FIG. 6b illustrates the dispatch and execution of the micro ops in reservation station entries RS0 and RS1 without one and two cycle CAM ready scheduling. The ready bit generator 78 receives the opcode, entry valid flag, and source one and source two valid flags from RS0 and RS1 over the array bus 108 and determines that the micro-op in RS0 is ready for dispatch. The ready bit generator 78 issues the ready control signals 114 to indicate that RS0 is ready for dispatch.

The scheduler circuit 76 selects the micro op in reservation station entry RS0 for dispatch to the execution unit 80, and issues the dispatch control signals 116. The dispatch control signals 116 cause the reservation station array 70 to transfer the micro op from RS0 to the execution unit 80 over the dispatch bus 60.

The reservation station circuit 38 dispatches the micro-op UOP-A from RS0 between times t0 and t1 during a micro-op dispatch (DISP) phase of the processor 12 pipeline. Between times t1 and t2 the write back control signal 136 selects the dispatch data 138 from the reservation station array 70 during a source data bypass phase. The dispatch data 138 comprises the source data pair=100, 300 from RS0. The reservation station circuit 38 issues the write back control signal 136 to select the dispatch data 138 assuming that the two cycle CAM match and the one cycle CAM match are disabled.

Between times t2 and t3 the execution unit 80 executes the micro op ADD 100, 300, PDST=33 during an execution (EU) phase of the processor 12 pipeline. During a result write back (WB) phase between times t3 and t4 the execution unit 80 transfers the result data 130 over the result data bus 104. Between times t3 and t4 the result data value=400 is available on the result data bus 104. The execution unit 80 transfers the physical destination tag=33 over the tag bus 106.

At time t4 the reservation station circuit 38 stores the result data value=400 on the result data bus 104 into the source two data field of RS1 as specified by the match between the PDST=33 of RS0 and the PSRC2=33 of RS1. The reservation station circuit 38 also sets the source two valid flag of RS1 to indicate valid source two data (SRC2V=1).

During a ready (RDY) phase between times t4 and t5 the ready bit generator 78 determines that the micro-op in RS1 is ready for dispatch. During a schedule (SCHED) phase between times t5 and t6 the scheduler circuit 76 selects the micro op in RS1 for dispatch to the execution unit 80, and issues the dispatch control signals 116 to dispatch the micro op UOP-B from RS1 to the execution unit 80 over the dispatch bus 60 during the dispatch phase between times t6 and t7. Between times t7 and t8 the write back control signal 136 selects the dispatch data 138 from the reservation station array 70 during a source data bypass phase.

As shown in FIG. 6b, a two cycle latency occurs between the time the result data from UOP-A is available on the result data bus 104 and the time the corresponding dependent source data for UOP-B arrives at the execution unit 80. The two cycle latency corresponds to the two cycle latency required by the reservation station circuit 38 to perform the ready, schedule and dispatch functions.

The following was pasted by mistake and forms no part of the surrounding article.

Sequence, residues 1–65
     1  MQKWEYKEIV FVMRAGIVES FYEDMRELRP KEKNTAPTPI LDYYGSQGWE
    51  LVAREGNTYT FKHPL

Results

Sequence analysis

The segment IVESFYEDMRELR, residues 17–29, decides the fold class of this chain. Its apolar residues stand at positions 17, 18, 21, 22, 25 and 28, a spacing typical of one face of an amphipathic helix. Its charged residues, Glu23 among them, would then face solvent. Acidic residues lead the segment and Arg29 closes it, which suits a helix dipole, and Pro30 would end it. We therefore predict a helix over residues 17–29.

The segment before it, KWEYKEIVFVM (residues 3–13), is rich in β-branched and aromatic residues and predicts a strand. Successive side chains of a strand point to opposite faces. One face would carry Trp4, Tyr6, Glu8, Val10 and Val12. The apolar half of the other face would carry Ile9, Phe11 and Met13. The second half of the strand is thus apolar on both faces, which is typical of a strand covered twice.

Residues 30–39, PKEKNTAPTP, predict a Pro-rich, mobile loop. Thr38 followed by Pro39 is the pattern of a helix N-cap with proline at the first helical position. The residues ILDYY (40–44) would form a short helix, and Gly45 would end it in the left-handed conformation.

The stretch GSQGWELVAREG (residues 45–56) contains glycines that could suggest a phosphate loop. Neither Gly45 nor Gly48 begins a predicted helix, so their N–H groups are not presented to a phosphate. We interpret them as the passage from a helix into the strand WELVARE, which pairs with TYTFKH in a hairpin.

FIGS. 7a and 7b illustrate micro-op dispatch by the reservation station circuit 38 with two cycle CAM ready scheduling. As shown in FIG. 7a, the reservation station entry RS0 contains a valid load memory micro op LD PSRC1=16, PSRC2=18, PDST=22 (UOP-C). The source one data value=1000 in RS0 is valid, and the source two data value=80 in RS0 is valid.

The reservation station entry RS1 contains a valid micro op ADD PSRC1=22, PSRC2=19, PDST=23 (UOP-D). The source one data value in RS1 is initially invalid (SRC1V=0). The source two data value in RS1 is valid and equal to 333. The UOP-D is data dependent on the UOP-C since the PDST=22 of RS0 corresponds to the PSRC1=22 of RS1. The reservation station entry RSn contains a valid micro op SUB PSRC1=20, PSRC2=22, PDST=27 with a valid source one data value=400 and an invalid source two data value. The micro-op in RSn is data dependent on the UOP-C since the PDST=22 of RS0 corresponds to the PSRC2=22 of RSn.

FIG. 7b illustrates the dispatch and execution of the micro ops in reservation station entries RS0 and RS1 with two cycle CAM ready scheduling. During a dispatch phase between times t10 and t11 the reservation station circuit 38 dispatches the UOP-C from RS0 to the load memory pipeline 84 over the dispatch bus 60. During a bypass phase between times t11 and t12 the reservation station circuit 38 issues the write back control signal 136 to select the dispatch data pair 138 comprising the source data values=1000, 80 from RS0.

Between times t12 and t13 an address generation unit (AGU) in the load memory pipeline 84 calculates a physical address from the load memory operation specified by the UOP-C. Between times t13 and t14 the load memory pipeline 84 issues the physical destination tag=22 of the UOP-C over the tag bus 106 which indicates that the result data for the UOP-C will be available two cycles later.

During a ready phase between times t14 and t15 the two cycle CAM array 72 detects a CAM match on the tag 140 (the physical destination tag=22) and generates a CAM match signal corresponding to the PSRC1=22 in RS1. Between times t14 and t15 the match signals 110 indicate a CAM match to the PSRC1=22 in RS1 and cause the ready bit generator 78 to determine that the UOP-D in RS1 is ready for dispatch. The load memory pipeline 84 processes the result data from an internal data cache unit (DCU).